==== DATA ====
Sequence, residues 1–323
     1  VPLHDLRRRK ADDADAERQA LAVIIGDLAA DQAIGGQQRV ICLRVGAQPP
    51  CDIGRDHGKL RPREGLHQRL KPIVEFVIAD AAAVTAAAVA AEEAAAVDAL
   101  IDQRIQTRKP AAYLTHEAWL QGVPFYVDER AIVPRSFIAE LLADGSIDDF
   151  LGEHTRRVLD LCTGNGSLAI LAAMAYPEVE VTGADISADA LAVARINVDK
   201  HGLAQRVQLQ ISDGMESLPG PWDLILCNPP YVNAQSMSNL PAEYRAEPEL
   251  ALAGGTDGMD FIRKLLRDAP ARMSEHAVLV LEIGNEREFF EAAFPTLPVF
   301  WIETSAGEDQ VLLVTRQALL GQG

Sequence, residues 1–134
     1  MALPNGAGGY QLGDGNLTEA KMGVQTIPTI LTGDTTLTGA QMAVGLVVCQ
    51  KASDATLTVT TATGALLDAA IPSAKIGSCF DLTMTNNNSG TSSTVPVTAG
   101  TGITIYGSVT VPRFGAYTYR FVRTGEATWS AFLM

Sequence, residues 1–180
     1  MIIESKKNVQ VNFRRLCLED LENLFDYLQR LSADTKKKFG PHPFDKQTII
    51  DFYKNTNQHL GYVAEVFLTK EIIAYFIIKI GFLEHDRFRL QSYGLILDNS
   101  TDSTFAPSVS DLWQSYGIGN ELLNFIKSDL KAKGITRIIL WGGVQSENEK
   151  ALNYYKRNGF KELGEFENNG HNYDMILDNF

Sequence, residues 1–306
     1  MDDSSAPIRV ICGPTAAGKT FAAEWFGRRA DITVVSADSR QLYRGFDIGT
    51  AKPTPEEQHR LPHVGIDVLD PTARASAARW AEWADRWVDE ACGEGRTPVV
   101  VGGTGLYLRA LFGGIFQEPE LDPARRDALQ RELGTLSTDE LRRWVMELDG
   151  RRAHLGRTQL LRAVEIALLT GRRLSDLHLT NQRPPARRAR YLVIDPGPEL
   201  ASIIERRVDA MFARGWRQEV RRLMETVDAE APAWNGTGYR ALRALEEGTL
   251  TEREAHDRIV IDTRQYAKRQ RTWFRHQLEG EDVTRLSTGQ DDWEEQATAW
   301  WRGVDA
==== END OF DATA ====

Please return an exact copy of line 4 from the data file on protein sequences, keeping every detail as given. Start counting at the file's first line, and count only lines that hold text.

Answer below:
   101  IDQRIQTRKP AAYLTHEAWL QGVPFYVDER AIVPRSFIAE LLADGSIDDF